Indian laws only discipline citizens, protect government, say RTS activists

Though RTI is now well-known, very few know about a law called Right To Services Act – neither bureaucrats nor the public know much about it — says Shailesh Gandhi, RTI activist and former Information Commissioner of Maharashtra

Shailesh Gandhi, RTI activist and former Information Commissioner of MaharashtraLegislation, especially in India, is meant to discipline people and protect the government. Almost all laws of the country are centered on citizen's duties rather than on his rights and there are very few Acts that empower them, says Sanjay Ubale, MD, Tata Realty, and former secretary, special projects, government of Maharashtra.

''Most legislation is meant to discipline people; they say if you don't do this, you will get this punishment; if you don't do this other thing, you will get this other punishment,'' Ubale said, adding, ''There are only two laws that empower citizens and discipline the government.''

The only exceptions to the mundane laws are the Right to Information, and the other Right to Services (from the government), he said at a meeting on Right to Services organised by the Mumbai Press Club this week.

But, the law on RTS, although enacted in Maharashtra way back in 2005, is still on paper and has never been implemented, he emphasised.

The law makes it mandatory for the administration to ensure that decisions are taken in 45 days, but officials often take cover of exceptions to stretch decisions for months and often years, without impunity, Prakash Akolkar, president of The Mumbai Press Club, pointed out.

Akolkar said, "A rotten political system in the country is holding up justice delivery. The bureaucracy is not all bad, there are many bureaucrats who do want to do good things, but get used by politicians. We need a law that ensures that bureaucrats are not misused by politicians."

The RTS law, according to Akolkar, has perhaps only been used to avoid arbitrary transfers of bureaucrats by the government, while citizens have not yet gained anything from it, even though they are supposed to.

''The problem is that we have this black hole of the government – things go in, and nothing comes out. So, while the Act provides for a time limit of 45 days, in practice there is no limit. There is this case of a doctor who got action on his complaint after 17 years of struggling for it!''

He cited the example of issue of ration cards, which, he said, is pretty simple, but it takes ages to get, and sometimes people just give up trying to get one.

Akolkar rued the absence of chief minister Devendra Fadnavis who opted out of the meeting as he was busy with other engagements.

''The Citizens' Charters were supposed to be announced by every department, but this is not done. I don't how many bureaucrats even know that they have to put up these citizens' charters.''

According to well-known Right to Information (RTI) activist and former Information Commissioner for Maharashtra, Shailesh Gandhi, the problem with efforts to check on the implementation of the Act is that the government seldom parts with the information.

"Bureaucrats do not know about it and, of course, the public doesn't know about it either," Gandhi said.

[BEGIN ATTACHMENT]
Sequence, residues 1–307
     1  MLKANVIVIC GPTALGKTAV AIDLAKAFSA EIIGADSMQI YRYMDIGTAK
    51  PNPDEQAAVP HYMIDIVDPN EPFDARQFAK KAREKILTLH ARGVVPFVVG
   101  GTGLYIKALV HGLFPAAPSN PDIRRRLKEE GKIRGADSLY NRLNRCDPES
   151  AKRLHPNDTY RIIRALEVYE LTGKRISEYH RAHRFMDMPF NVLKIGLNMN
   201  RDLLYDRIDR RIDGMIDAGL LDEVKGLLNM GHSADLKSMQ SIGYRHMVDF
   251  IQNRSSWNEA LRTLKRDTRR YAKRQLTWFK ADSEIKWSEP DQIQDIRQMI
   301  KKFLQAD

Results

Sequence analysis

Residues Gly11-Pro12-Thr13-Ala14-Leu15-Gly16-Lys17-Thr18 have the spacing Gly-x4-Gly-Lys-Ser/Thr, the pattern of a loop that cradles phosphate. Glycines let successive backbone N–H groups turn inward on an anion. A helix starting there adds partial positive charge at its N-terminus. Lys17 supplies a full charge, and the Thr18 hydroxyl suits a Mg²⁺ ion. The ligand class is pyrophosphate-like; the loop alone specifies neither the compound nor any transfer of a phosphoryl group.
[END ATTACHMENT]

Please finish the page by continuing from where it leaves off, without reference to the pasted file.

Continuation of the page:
The Maharashtra government's law and judiciary department told an applicant, a journalist, that the RTS Act did not apply to public sector corporations, and was only for administrative use but not for the public.

The law also requires sanction for prosecution of bureaucrats by the Anti-Corruption Bureau.

While the earlier RTS Act talked of taking action in 45 to 90 days, this has now been stretched to more than six months, in the new bill. Moreover it does not specify which services will be notified and when.

"One of the problems is that the Bill does not say which services will be notified and when. It also talks of action in 30 to 90 days,  and an appeal to be disposed of another 90 days. In other words, an application would have to wait for 6 months to find out what is happening; and that might well stretch to eight months!" Gandhi said.

Saying the new bill is more specific in some respects - you can specify water connections, for example –  he emphasises the way it is drafted, it becomes useless.

"It has not provide an escape valve for inaction, it has provide escape gates!"

''My own perception is that good governance is a right of citizens. The government has made these laws; clearly they have taken into account the practical aspect of implementation,'' said Gandhi.

"I do believe in engagement, and discussion; but when that doesn't work, we need confrontation. The old Act must be implemented. If that doesn't happen, citizens should agitate across the state and ask for a strong bill.

There were many activists who pushed for the RTI. We need activists to push the RTS too, said Ubale.

As Ubale pointed out, there is a role for activism and there is a role for constructive action. ''This Act does not really empower. At the moment there is nothing definite. It also centralises the entire process, and that is a serious problem. If everything has to be managed from a central point in Mumbai, it will not work.''

"Regarding the implementation watchdog – we need an external watchdog. We must open a forum for citizens," he said.

The law must clearly cover not just personal services (eg, ration card) but also civic services that affect groups of people, such as residents of an area in a city who are affected by the municipal corporation not lifting the garbage from the area. The Act does not cover such services, he added.